The Beginning

The story behind Mercado Central begins in 1990, when five Salvadoran immigrants asked Mexican Catholic Charities social worker Juan Linares for extended access to St. Stephen’s. Similar to other inner-city churches, St. Stephen’s was locked during the day, “depriving families in the neighborhood of a space to pray together.”(4) With the assistance Isaiah, “a multi-denominational, congregation-based community organizing coalition,” this simple request for a prayerful space evolved into a campaign for Spanish Masses, which eventually garnered a regular church following of 750 Latino families.(5)

Seeing the potential for even more initiatives, Juan Linares and Isaiah community organizer Salvador Miranda created a “Community Talent Inventory” (CTI) in order to identify entrepreneurial skills within the community. Several themes, based on 75 completed inventories, emerged: “confirmation of wide-ranging business expertise and entrepreneurial talent; a desire for targeted entrepreneurial training; and an interest in addressing immigration issues collectively as a community.” With the results publicized, local organizations specializing in entrepreneurial and business advice (including the Whittier Community Development Corporation and the Neighborhood Development Center) expressed investment interest.(6) The community had key actors, and they just needed to pool their resources and establish a common vision.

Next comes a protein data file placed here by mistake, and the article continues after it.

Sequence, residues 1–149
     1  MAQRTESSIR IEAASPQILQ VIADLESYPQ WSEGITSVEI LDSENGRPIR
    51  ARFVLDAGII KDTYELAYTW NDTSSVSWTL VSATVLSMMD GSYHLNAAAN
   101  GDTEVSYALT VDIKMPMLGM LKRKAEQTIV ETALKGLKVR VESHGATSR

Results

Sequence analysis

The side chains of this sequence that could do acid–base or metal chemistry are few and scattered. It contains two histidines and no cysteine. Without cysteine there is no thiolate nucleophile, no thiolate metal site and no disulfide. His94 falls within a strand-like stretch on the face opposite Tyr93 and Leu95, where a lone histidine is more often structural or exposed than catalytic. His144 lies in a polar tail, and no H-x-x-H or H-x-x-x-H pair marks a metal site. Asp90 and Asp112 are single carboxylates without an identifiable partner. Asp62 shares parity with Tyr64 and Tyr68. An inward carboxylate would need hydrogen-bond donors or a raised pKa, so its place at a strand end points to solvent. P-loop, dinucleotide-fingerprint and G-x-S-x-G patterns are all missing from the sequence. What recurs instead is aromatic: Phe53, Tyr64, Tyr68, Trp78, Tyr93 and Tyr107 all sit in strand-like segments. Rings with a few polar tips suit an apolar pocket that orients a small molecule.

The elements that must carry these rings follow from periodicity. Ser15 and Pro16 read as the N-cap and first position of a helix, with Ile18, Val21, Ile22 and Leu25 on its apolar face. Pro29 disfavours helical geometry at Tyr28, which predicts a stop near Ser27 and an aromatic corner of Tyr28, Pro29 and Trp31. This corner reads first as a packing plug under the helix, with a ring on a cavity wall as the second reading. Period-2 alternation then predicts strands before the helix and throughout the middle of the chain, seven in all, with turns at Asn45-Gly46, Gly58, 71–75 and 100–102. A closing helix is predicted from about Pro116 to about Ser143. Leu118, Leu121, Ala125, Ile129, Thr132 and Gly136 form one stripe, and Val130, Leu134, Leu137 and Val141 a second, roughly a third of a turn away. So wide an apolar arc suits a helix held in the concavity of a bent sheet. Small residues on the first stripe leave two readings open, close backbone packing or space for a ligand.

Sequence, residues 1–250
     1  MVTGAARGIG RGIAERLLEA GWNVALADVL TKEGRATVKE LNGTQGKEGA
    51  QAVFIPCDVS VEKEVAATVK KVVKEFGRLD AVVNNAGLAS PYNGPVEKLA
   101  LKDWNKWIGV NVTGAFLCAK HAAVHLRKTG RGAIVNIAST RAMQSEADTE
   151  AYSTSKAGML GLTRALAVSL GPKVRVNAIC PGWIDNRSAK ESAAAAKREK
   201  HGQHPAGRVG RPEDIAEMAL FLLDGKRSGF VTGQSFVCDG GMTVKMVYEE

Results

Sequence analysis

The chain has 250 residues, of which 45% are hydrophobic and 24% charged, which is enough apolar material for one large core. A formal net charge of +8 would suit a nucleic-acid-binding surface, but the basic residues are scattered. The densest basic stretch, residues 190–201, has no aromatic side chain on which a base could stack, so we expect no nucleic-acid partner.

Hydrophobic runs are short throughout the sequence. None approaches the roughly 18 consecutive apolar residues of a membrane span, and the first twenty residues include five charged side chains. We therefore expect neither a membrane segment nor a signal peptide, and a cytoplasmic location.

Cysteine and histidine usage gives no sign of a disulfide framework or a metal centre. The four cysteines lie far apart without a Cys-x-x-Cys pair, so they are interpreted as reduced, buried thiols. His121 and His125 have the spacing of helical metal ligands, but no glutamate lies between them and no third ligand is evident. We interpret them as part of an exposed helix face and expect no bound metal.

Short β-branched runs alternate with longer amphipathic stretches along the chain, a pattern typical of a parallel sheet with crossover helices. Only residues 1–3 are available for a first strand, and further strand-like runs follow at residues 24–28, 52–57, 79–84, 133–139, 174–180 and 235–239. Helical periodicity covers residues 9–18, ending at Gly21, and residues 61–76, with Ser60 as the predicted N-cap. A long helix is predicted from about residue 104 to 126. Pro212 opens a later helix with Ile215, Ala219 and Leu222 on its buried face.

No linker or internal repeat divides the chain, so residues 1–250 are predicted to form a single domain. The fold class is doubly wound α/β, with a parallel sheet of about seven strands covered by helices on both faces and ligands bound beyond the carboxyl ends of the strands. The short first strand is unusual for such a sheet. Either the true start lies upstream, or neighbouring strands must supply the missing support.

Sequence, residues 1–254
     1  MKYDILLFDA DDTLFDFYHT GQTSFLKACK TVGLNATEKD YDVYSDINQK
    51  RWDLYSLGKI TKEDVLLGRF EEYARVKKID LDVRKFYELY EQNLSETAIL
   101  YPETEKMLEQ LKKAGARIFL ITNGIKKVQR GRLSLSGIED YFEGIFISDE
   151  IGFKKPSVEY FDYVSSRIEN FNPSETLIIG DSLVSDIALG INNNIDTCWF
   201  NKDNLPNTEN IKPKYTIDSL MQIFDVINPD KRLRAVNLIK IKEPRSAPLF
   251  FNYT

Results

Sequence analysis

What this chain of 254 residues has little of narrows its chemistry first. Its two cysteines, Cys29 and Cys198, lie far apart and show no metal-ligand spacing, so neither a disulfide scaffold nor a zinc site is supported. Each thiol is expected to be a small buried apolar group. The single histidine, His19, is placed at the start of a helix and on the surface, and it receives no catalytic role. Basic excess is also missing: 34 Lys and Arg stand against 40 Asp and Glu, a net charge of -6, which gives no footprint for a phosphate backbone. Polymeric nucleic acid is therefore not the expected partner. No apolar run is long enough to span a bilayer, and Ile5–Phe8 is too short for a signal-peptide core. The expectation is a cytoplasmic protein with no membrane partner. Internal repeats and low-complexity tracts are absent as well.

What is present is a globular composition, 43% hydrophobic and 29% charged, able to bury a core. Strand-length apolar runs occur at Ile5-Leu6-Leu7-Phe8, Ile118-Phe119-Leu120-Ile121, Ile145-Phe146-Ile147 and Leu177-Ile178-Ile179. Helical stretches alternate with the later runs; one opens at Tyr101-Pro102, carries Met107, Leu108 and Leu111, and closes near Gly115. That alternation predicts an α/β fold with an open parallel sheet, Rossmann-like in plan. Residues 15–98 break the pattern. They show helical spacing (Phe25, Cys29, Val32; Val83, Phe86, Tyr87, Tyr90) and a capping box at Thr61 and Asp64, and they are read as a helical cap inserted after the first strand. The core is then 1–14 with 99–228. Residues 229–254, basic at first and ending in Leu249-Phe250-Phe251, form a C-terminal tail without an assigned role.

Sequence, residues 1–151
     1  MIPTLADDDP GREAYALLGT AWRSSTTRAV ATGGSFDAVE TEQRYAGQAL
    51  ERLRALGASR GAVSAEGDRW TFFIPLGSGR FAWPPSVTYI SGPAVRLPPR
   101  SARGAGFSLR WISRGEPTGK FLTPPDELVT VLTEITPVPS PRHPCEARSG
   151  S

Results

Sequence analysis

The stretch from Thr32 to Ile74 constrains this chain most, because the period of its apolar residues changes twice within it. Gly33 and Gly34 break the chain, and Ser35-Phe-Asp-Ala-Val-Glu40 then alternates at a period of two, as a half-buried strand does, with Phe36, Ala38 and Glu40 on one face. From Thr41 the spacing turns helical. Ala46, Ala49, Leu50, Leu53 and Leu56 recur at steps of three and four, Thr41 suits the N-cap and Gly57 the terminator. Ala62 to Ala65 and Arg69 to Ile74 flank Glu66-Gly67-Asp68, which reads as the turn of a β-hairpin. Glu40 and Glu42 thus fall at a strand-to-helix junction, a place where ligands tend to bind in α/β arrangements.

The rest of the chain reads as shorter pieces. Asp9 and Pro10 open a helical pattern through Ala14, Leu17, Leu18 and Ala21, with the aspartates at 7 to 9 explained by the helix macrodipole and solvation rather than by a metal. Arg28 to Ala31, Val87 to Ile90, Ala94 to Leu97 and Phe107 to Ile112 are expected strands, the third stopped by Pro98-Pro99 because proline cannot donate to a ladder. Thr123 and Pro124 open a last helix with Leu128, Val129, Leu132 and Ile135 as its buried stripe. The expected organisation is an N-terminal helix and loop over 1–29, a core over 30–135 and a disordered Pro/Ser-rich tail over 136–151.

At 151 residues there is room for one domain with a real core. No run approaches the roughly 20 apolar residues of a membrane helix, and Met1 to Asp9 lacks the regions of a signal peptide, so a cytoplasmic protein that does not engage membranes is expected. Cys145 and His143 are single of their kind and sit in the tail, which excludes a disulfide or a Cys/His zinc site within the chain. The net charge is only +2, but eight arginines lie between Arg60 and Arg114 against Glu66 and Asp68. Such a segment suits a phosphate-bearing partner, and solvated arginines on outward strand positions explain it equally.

Mercado Central's Development

With the help of these local organizations and the start-up power of local leaders, a 16-week entrepreneurial training course in Spanish began.

“At the individual level, the curriculum provided entrepreneurs with the technical information required to develop viable business and marketing plans. At the community-building level, the group talked about how to effect broader change in the community and play a role in revitalizing the local economy.”(7)